In the run-up to the election of a reformist leader, there is often an increase in civic mobilization. What are some innovations and lessons learned about sustaining civic participation over time?

In the years running up to the Labour Party’s election victory in 1997, many civil society organizations, particularly those focusing on poverty, civil liberties, and homelessness, worked with Labour to help develop its policies. That insider influencing was important in at least two respects: it meant the incoming government had policies that appealed to a very wide civil society agenda, and that agenda created a groundswell of support for the incoming government and huge expectations that key policies would be implemented. 

What was important in the run-up to the election and immediately after it was maintaining lines of communication with key players on what should and could be achieved.

Many of the Labour Members of Parliament who were elected and secured ministerial office had close personal and policy links with CSOs, which then helped government implement key policies such as a national minimum wage, equalizing the age of homosexual consent with that of heterosexuals, and child protection legislation. 

What are some of the challenges that civil society organizations face when a reformist leader is elected?

In the case of the 1997 Labour Government, there were many challenges. As mentioned above, many civil society activists did move into Parliament and government as ministers, MPs, and advisers.

This made it especially difficult for CSOs accustomed to developing policies with senior Labour Party figures and getting most of their demands accepted as part of the party’s agenda. Government was a culture shock – in particular, recognizing that government is about deciding priorities and that therefore they might have to settle for less than they demanded in their lobbying; and that government ministers, even if they had worked with them in the past, might make decisions that they fundamentally disagreed with. Learning to compromise and to accept that their advice would not always be taken was difficult.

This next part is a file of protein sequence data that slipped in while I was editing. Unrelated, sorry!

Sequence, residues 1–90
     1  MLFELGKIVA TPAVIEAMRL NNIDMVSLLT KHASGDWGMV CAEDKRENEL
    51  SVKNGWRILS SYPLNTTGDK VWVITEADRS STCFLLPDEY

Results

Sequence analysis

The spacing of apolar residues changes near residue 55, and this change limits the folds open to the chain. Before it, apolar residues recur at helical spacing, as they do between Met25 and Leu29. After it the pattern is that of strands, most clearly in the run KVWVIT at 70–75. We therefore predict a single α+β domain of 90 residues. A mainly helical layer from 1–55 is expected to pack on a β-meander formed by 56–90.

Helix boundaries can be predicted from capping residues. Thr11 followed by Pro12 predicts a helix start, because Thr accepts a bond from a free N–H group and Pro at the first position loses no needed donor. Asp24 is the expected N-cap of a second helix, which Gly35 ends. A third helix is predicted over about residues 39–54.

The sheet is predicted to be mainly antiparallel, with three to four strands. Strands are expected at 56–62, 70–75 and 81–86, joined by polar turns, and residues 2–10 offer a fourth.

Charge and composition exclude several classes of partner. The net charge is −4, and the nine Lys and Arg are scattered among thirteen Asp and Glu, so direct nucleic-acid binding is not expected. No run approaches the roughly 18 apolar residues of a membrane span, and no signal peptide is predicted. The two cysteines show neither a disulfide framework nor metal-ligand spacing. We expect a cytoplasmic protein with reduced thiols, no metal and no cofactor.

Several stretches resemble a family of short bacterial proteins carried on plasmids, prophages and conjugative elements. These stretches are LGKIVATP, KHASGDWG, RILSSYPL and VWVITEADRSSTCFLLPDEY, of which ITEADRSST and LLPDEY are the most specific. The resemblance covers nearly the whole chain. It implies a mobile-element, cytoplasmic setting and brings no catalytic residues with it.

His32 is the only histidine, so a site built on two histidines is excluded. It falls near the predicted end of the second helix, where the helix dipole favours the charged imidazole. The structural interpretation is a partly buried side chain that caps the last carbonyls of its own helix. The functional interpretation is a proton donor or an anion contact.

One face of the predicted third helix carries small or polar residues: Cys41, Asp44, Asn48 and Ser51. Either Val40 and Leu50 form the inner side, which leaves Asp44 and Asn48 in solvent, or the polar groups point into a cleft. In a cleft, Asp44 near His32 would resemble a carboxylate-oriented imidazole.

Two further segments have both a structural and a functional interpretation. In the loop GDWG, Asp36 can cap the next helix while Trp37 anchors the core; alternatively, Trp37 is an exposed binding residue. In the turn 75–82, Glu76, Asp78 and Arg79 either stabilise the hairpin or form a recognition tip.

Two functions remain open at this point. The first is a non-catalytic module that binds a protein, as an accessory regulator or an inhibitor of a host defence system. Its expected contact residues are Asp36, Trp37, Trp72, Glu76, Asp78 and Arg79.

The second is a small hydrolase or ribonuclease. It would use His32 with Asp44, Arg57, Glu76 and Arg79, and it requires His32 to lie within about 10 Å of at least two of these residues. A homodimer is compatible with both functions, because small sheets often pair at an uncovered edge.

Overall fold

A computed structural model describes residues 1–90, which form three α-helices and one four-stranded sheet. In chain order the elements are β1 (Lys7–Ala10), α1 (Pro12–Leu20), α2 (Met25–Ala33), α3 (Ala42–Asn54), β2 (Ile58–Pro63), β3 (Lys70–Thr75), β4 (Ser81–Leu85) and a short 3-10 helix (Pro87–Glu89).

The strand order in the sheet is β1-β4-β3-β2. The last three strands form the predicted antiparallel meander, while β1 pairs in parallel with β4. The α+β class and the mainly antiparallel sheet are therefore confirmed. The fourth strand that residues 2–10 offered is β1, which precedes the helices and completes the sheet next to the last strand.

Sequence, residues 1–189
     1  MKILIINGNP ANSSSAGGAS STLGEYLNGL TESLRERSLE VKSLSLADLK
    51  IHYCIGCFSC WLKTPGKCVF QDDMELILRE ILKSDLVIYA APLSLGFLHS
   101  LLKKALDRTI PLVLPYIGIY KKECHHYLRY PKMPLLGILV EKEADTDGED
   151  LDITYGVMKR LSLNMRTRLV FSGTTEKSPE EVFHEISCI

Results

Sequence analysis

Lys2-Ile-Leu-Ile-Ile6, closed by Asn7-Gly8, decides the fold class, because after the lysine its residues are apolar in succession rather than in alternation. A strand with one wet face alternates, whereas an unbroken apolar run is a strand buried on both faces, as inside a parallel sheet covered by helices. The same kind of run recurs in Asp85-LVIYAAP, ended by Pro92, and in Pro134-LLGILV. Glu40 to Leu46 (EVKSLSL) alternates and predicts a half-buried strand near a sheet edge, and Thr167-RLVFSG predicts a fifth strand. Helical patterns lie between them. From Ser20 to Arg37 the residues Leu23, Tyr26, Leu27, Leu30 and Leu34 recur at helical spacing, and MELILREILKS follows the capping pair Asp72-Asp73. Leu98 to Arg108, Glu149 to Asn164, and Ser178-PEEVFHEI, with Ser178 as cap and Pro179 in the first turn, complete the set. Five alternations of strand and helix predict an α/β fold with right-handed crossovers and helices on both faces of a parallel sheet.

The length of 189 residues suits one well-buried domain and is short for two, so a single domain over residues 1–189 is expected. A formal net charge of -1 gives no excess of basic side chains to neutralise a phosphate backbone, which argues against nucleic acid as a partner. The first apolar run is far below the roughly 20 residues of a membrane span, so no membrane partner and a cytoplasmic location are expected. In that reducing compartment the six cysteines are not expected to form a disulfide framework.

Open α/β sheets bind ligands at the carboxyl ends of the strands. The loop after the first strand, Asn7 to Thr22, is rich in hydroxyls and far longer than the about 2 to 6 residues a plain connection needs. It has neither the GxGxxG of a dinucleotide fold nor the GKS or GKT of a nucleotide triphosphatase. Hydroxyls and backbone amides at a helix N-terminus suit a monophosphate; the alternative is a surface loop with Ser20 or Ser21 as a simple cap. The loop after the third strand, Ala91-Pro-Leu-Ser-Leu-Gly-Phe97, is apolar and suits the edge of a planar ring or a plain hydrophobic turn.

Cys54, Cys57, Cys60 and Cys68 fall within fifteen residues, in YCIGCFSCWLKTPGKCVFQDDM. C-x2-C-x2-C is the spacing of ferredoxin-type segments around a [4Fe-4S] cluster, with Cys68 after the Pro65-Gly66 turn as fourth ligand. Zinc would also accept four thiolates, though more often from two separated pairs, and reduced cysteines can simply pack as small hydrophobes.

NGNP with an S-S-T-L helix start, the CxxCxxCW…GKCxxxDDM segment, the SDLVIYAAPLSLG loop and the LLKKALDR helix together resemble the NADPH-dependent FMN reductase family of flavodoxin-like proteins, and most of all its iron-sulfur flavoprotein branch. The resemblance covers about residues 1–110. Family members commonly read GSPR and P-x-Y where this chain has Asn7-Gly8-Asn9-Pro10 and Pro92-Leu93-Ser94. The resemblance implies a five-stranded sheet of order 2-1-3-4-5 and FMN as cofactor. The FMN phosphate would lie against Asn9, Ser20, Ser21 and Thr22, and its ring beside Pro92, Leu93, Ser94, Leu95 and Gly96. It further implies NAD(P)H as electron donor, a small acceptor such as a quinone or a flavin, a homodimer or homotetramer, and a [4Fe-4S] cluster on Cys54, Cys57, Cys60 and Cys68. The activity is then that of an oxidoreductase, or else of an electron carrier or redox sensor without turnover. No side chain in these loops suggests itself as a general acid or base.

It was and remains difficult for CSOs to decide how to use their influence – as insiders or outsiders or a mixture of both. CSOs rightly value their independence and the right to work with government on some aspects of policy and work against it on others, using their supporters to publicly criticize the government’s position and its ministers’ records. Government ministers have on occasion found it difficult to accept that independence of action, operating on the assumption that a CSO that supports government on one thing will support it on others.

There is a real danger of mission drift and of incorporation by the state – a CSO being seduced by a sympathetic government into doing things that are not central to its mission or central to the needs of its beneficiaries, by chasing grants or contracts and acting like an arm of the state. There is also a danger that the government starts to think it owns the sector or, worse, that the sector is in fact part of government, rather than having an existence and purpose beyond the needs of government.